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Dreamwork as a Spiritual Path
by Amelia Sahentara
I'm a dreamworker. Analyzing my dreams feels as natural and necessary as eating food or brushing my teeth. Dreams appear to be as logical and understandable as following a well-written movie plot. Sure, there's a bit of mystery in every dream, but that's true of life as a whole. In my view, dreams aren't any more bizarre than the life we lead while awake. So when people ask me what I do, their head scratching responses always amaze me. "What's dreamwork? I've never heard of that." -- "I've heard of dreamworkers but I've never met one in person". It's my turn to scratch my head. Dreams are part of being human. We all sleep and dream about a third of our lives. Why is it so few of us are interested in what happens during that time? Why aren't we taught to value our dreams? Actually, all this head scratching isn't quite fair. I think there are some good answers to these questions.

My favorite "global" explanation comes from philosopher Ken Wilber (Up From Eden  and A Brief History of Everything). His work examines the unfolding evolution of consciousness which culminates in Spirit becoming conscious of itself. He suggests ancient peoples experienced no clear division between spiritual and physical realities. We have slowly evolved from "immersion with the unconscious" toward individual consciousness. Since dreams are experiences in the unconscious realm, we have gradually become estranged from them in the process. Having fully achieved separateness, Wilber believes we are now moving toward the experience of oneness again, but this time with choice -- with the consciousness of our individuality in tact. (Ken Wilber's vision answers many of my own questions regarding the human condition and I highly recommend his work).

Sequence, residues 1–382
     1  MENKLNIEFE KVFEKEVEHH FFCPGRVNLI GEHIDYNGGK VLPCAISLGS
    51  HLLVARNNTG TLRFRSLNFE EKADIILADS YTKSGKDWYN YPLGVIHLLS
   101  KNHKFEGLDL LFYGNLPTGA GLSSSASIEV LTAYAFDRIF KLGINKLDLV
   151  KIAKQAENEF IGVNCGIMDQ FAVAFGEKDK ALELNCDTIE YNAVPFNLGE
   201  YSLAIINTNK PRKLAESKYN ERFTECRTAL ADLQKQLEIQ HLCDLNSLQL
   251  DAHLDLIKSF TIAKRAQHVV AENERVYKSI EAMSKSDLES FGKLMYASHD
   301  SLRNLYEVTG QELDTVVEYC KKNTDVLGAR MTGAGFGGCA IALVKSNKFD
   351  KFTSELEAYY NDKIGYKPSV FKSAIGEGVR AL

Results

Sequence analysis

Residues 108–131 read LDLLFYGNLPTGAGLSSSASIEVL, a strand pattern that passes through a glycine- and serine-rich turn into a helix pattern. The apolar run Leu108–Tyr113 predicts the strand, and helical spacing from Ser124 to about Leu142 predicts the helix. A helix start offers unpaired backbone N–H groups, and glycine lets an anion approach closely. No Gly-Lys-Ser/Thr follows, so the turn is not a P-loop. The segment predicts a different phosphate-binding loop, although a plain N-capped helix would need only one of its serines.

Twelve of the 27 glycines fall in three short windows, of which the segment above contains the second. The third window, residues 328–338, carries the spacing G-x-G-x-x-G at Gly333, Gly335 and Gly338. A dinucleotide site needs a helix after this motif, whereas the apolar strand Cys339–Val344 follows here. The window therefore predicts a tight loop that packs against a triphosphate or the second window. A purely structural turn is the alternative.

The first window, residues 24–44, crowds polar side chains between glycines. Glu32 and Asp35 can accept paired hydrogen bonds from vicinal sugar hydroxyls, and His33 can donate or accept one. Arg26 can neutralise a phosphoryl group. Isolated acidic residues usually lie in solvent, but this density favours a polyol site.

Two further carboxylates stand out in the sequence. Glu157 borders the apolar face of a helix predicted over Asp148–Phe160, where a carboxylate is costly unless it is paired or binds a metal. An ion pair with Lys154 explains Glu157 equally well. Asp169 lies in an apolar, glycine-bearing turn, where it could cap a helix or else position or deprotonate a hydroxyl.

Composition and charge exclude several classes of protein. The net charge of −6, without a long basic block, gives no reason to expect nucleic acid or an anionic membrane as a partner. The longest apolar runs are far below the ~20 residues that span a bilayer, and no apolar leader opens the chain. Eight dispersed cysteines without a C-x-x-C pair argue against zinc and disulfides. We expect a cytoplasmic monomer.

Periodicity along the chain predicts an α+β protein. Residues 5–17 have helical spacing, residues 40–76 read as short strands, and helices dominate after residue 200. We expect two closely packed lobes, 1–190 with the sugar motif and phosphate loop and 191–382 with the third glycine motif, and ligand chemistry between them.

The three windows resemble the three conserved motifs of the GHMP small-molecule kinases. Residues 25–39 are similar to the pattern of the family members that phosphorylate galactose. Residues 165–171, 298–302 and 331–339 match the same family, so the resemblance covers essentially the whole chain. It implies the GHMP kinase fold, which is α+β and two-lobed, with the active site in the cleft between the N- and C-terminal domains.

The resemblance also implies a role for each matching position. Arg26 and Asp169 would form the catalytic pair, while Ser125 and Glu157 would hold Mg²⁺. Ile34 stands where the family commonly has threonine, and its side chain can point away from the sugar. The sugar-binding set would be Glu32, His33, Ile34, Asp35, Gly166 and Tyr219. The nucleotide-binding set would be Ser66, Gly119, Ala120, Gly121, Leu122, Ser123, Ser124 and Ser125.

In the meantime, most of us still believe dreams are frivolous, meaningless or beyond our comprehension. Many people claim dream dramas are nothing but a release of stress -- or -- they are caused by the foods we eat. Most dream dictionaries attribute superstitious meanings to dream symbols -- like a black cat in your dream means you will have bad luck. In spite of copious scientific research in modern dream labs and a growing body of knowledge on the benefits of dreamwork, most people still consider it a very weird thing to do.

I myself didn't think much about dreams until I began having nightmares twenty years ago. As they persisted, I was determined to understand them. I started keeping dream journals, attending seminars, and reading every book I could find on dream interpretation. I consumed the classic works of Freud and Jung along with major contributors such as Perls, Adler, Ullman and others. I confess, it didn't take long to get hooked. Once I began observing my dreams consistently, I became aware of a nurturing guidance behind all my dreams -- even nightmares. I was developing a relationship with my higher self or soul and it felt like visiting a wise, loving friend each night. As time went on, my dream experiences left no doubt in my mind that we are indeed, spiritual beings of peaceful essence.